of books by Joseph D. Robinson
JOSEPH D. ROBINSON, M.D., Professor at the Health Science Center, State University of New York, Syracuse. Received his degree from Yale University, 1959, and has devoted is scientific research to problem of ion transport across membranes. Current research interests in membrane transport are focused on determining the enzymatic reaction mechanism of the Na,K-ATPase, the enzyme that effects the active transport of those two cations across the cell membrane.He is also interested in the history and philosophy of science. A history of synaptic transmission is in progress, intended to depict not only the course of events but also to illustrate the processes by which new data and hypotheses are generated and defended against rival viewpoints.
Moving Questions: A History of Membrane Transport and Bioenergetics
by Joseph D. Robinson
Oxford University Press, 1997
Robinson's account of the development of ion transport across biological membranes gives a fascinating look into the thoughts of biochemists, physiologists, and structural biologist. Robinson portraits the growth of an idea into a solid body of evidence that made the structure and function of biological membranes a scientific fact. For a scientist working in the field it is exciting to find many names that often are only related to equations, analytical techniques, or hypothesis, but about which we know nothing about their everyday scientific work. Robinson's book is one great acknowledgment of all the many scientists involved in membrane transport studies. But Robinson not only presents a chronology, but also gives the proper perspective of how all this research was possible, the motivation of individuals, the struggle to gain insight, and the collaboration among individuals without which science would not work. Without a reductionist approach, the cellular mechanisms -- carbohydrate metabolism, structure, muscle contraction, photosynthesis, oxidative phosphorylation et cetera -- could not be achieved and for anyone interested in modern biology, it might be interesting and surprising to see how very recent some 'obvious' facts have been validated experimentally. Looking back at publications on topics that have been firmly established during the last 20 to 30 years, but which have been understood conceptually for over half a century, the professional instinct and lucid description of hypotheses by scientists in the 1930s, 40s, and 50s is humbling. This not only includes Watson and Cricks 1952 seminal paper on the structure of DNA and implication thereof on function (replication), but for membrane biologists and protein biochemists the model of lipid bilayers as early as 1925 and 1935 and the many decades needed to improve technology to 'see' and 'observe' the submicroscopic structures of cell membranes.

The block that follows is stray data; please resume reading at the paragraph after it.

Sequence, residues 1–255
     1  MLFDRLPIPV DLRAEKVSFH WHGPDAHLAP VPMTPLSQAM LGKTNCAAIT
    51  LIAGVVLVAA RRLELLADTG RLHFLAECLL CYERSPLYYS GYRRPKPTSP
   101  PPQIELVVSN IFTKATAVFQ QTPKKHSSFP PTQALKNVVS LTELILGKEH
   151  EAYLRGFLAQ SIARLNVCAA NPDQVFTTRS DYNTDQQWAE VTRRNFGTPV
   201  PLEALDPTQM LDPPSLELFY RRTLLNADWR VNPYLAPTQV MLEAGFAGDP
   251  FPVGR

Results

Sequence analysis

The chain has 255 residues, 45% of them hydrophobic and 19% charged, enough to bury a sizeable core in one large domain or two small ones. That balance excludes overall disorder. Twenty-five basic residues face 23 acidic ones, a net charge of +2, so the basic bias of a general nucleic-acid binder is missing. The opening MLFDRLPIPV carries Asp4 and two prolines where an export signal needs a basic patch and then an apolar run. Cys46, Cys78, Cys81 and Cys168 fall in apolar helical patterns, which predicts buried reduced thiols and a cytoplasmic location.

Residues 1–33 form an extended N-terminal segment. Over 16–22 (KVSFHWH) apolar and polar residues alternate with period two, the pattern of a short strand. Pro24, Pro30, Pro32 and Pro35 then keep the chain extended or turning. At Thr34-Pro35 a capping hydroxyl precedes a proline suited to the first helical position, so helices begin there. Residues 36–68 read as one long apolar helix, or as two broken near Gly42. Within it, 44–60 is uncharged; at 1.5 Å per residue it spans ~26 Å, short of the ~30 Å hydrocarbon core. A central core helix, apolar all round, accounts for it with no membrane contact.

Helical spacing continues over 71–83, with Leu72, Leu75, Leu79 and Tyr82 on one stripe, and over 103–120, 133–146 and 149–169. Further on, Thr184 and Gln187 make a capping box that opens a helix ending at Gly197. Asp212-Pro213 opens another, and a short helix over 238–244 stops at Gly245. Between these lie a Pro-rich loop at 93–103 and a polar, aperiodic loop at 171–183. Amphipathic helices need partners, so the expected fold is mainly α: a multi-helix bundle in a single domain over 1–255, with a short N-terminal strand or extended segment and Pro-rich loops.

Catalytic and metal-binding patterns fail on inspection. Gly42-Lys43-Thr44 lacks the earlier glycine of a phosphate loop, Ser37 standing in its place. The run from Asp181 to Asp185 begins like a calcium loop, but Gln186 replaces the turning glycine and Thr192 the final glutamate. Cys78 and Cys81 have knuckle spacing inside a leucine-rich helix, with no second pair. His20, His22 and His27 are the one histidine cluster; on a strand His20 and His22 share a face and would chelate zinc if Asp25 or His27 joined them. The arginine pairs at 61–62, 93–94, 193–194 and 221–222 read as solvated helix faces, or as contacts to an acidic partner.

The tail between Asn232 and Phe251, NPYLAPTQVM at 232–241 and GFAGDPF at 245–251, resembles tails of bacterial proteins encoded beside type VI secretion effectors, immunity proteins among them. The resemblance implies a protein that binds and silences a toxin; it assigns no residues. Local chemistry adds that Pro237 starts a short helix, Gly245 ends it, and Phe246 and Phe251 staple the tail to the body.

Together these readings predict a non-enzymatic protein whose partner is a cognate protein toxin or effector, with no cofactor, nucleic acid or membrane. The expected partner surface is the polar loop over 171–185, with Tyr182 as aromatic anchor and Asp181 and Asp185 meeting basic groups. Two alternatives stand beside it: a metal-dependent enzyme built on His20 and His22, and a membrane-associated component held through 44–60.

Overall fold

For those interested in ion channels, the book does not present much. But it is my believe that transporters, channels, and pores are simply variations of a theme that are kinetically distinct, but structurally operate very similarly. (See B. Hille for an introduction to ion channels.)
December 30, 1999 / © 1999 Lukas K. Buehler / go back to Book Review Home